Encyclopedia

Tonsillitis

What is tonsillitis?

Tonsillitis is an inflammation of the tonsils, which are lymph glands and protect against the penetration of pathogenic microorganisms into the body.

Tonsillitis can be caused by viruses or bacteria.

Most cases of tonsillitis resolve within a few days without the use of antibiotics and other medications.

Tonsillitis is contagious. It is spread by direct contact or when infected saliva falls on a healthy person.

Viral tonsillitis is usually contagious for about 7-10 days and bacterial for about 2 weeks, but if treated with antibiotics it stops being contagious after 24-48 hours after the first dose of antibiotic.

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What are the symptoms of tonsillitis?

The symptoms of tonsillitis are usually:

  • Sore throat;
  • Difficult feeding in babies;
  • Pain when swallowing;
  • Fever;
  • Headache;
  • Abdominal pain;< /strong>
  • Nausea and vomiting;
  • Cough;
  • Hoarse voice;
  • Runny nose;
  • Redness of the tonsils and the whole throat;
  • Swollen lymph nodes in the neck area;
  • White spots on the tonsils;
  • Redness of the eyes;
  • Rash;
  • Earaches.

What are the causes of tonsillitis ?

The causes of tonsillitis can be different, but in most cases it is caused by viral or bacterial infections.

Tonsillitis can be spread by contact with infected droplets from sneezing, coughing or throat secretions.

Viral tonsillitis is the most common type and is caused by viruses such as adenoviruses, respiratory syncytial virus (RSV) and Epstein-Barr virus.

This type of tonsillitis is usually milder than bacterial tonsillitis and usually does not require specific treatment other than symptomatic relief of pain and inflammation.

Bacterial tonsillitis is caused by bacteria, most commonly of the streptococcus variety.

This type of tonsillitis is usually more serious and requires treatment with antibiotics. The most common bacteria that causes tonsillitis is Streptococcus pyogenes.

If not treated adequately, bacterial tonsillitis can lead to complications such as throat abscesses or even spread to other parts of the body and cause serious problems.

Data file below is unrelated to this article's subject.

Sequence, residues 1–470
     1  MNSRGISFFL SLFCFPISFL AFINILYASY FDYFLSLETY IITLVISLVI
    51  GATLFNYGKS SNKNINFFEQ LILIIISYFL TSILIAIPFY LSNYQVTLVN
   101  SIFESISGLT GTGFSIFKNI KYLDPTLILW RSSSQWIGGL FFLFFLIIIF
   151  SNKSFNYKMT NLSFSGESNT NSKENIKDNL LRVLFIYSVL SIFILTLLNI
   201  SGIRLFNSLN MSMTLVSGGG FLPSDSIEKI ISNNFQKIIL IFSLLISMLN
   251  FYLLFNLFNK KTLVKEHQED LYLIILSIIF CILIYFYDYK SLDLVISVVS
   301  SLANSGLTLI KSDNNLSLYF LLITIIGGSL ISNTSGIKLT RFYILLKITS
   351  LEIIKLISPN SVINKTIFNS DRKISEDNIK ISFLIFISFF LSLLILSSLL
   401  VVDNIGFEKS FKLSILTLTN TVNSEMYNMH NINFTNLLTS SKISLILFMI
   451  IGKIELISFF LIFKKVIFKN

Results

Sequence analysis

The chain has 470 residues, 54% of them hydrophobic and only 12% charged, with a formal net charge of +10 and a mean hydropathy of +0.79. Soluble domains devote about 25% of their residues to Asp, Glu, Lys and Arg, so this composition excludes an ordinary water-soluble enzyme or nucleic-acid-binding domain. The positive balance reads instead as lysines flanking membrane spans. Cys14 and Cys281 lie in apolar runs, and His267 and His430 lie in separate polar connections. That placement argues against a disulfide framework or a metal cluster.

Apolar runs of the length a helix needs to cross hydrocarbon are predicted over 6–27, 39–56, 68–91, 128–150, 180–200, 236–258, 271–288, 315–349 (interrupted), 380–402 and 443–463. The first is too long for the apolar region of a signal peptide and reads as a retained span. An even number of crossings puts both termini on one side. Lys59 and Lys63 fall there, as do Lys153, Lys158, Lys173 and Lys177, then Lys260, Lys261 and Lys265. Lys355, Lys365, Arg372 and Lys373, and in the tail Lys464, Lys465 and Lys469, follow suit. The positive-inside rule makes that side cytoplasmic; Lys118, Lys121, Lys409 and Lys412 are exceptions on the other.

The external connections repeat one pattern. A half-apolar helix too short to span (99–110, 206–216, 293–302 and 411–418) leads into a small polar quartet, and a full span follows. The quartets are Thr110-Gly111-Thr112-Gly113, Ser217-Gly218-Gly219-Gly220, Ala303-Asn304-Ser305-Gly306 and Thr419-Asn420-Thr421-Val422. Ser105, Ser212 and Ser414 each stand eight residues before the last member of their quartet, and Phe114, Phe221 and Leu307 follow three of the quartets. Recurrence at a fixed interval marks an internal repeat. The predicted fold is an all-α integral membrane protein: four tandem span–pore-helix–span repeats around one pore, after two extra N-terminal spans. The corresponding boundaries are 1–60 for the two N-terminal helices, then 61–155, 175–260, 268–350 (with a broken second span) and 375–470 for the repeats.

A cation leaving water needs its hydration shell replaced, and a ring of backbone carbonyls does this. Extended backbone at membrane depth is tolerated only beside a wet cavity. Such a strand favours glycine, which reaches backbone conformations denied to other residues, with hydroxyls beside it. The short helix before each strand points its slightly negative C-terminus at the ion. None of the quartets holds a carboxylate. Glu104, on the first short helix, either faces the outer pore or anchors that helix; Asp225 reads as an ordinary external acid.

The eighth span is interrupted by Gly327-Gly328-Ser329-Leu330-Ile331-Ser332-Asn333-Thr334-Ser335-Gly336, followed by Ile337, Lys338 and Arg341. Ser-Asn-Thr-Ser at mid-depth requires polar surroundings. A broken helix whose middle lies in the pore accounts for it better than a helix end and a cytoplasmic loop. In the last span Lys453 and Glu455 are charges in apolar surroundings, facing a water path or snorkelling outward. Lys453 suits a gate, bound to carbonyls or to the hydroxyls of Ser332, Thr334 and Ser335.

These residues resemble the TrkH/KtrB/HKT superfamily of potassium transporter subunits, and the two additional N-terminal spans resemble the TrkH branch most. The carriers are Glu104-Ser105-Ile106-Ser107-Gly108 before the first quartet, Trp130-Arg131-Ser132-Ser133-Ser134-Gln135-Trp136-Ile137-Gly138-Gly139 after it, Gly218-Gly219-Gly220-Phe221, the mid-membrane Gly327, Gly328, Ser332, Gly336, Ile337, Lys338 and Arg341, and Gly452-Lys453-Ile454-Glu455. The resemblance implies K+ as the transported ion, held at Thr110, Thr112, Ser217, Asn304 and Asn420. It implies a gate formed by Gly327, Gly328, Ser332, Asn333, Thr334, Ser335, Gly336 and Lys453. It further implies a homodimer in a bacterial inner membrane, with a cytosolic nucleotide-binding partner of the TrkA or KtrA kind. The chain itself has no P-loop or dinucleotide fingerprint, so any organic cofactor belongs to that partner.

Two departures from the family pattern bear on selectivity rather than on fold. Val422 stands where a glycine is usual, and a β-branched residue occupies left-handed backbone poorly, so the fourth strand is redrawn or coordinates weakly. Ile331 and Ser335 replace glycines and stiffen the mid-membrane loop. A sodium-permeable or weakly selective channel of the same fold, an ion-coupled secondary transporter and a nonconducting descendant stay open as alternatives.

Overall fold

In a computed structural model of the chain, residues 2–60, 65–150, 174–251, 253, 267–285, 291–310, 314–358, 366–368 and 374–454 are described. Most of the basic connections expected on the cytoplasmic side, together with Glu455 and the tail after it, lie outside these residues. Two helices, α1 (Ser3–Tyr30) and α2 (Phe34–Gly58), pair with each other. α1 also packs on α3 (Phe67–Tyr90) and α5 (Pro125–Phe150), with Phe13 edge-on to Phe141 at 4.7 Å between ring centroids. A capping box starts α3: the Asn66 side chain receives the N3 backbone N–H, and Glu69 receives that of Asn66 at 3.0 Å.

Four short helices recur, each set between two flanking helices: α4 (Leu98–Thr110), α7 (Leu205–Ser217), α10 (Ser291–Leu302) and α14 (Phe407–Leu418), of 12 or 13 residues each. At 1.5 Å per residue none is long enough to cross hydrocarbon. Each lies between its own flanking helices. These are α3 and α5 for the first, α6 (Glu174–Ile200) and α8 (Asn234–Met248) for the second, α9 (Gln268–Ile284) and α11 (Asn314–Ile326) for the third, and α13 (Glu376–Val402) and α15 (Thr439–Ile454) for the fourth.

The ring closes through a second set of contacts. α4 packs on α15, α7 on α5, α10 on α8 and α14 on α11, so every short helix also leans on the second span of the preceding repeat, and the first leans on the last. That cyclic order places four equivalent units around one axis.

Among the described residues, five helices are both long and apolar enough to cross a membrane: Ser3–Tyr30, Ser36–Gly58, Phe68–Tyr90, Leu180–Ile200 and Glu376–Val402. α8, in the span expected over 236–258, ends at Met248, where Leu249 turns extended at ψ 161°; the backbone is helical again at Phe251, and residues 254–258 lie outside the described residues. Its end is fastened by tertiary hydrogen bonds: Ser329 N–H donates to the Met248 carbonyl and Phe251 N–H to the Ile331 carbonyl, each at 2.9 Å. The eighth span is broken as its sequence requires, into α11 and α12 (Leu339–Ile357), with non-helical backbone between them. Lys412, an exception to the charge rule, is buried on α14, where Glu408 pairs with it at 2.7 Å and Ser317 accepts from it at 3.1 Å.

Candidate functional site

One of the most serious risks of untreated or improperly treated tonsillitis is rheumatic fever.

Rheumatic fever is a rare but serious disease that affects various organs, especially the heart, heart valves and joints.

It develops after an infection with group A streptococcus and is an abnormal reaction of the body’s immune system, which begins to attack its own tissues.

What are the possible complications?

Tonsillitis can develop into a more serious medical condition in some people.

Anyone who has tonsillitis and cannot eat or drink liquids, or experiences any difficulty breathing should go to an emergency medical center immediately to be evaluated.

Sometimes the tonsils can become very inflamed and a peritonsillar abscess can form, as a result of which you periodically feel the inability to swallow food and liquids or shortness of breath, you should immediately call for emergency medical help.

Treatment of tonsillitis

Sore throat and high fever can be relieved with pain relievers such as ibuprofen or paracetamol.

The inflammation in the throat is quickly quenched with frequent gargling with warm salt water – 1 cup of warm water with 1 teaspoon of table salt added. It is necessary to drink plenty of fluids to avoid dehydration.

Since most cases of tonsillitis are caused by viruses, antibiotic treatment is not necessary. However, penicillin is the most commonly prescribed class of antibiotics.

The drug can be administered as a single dose – a shock dose injection. They can also be prescribed for personal use in the form of tablets.

Treatment with oral antibiotics usually lasts between 10 and 14 days.

It is important to follow the regimen of taking the antibiotic tablets, even after the symptoms disappear and you feel much better.

Completing the full course of antibiotic treatment prevents a serious complication such as rheumatic fever, which can also lead to some type of heart disease.

If patients get 6 or more infections in a year, the GP may recommend surgical removal of the tonsils – tonsillectomy.

What can we do to protect ourselves?

To protect ourselves from tonsillitis or reduce the risk of the disease, some simple and effective precautions are necessary.

First and foremost, regular hand washing with soap and warm water is essential.

This is one of the most effective ways to prevent the spread of viruses and bacteria that are transmitted through contact with infected surfaces or through the sneezing and coughing of an infected person.

It is recommended to wash our hands frequently, especially before eating, after visiting public places and after contact with infected people.

In addition, it is important to avoid close contact with people who have a sore throat and symptoms of tonsillitis. This infection can be easily transmitted through droplets from sneezing and coughing or by touching contaminated objects.

If you notice that someone close to you has tonsillitis, it is good to avoid contact with them for at least 24 hours after the start of antibiotic therapy to reduce the risk of transmitting the infection.< /strong>

Still, it is more than advisable to seek advice or consultation from your personal doctor, because no disease and no symptom should be ignored.

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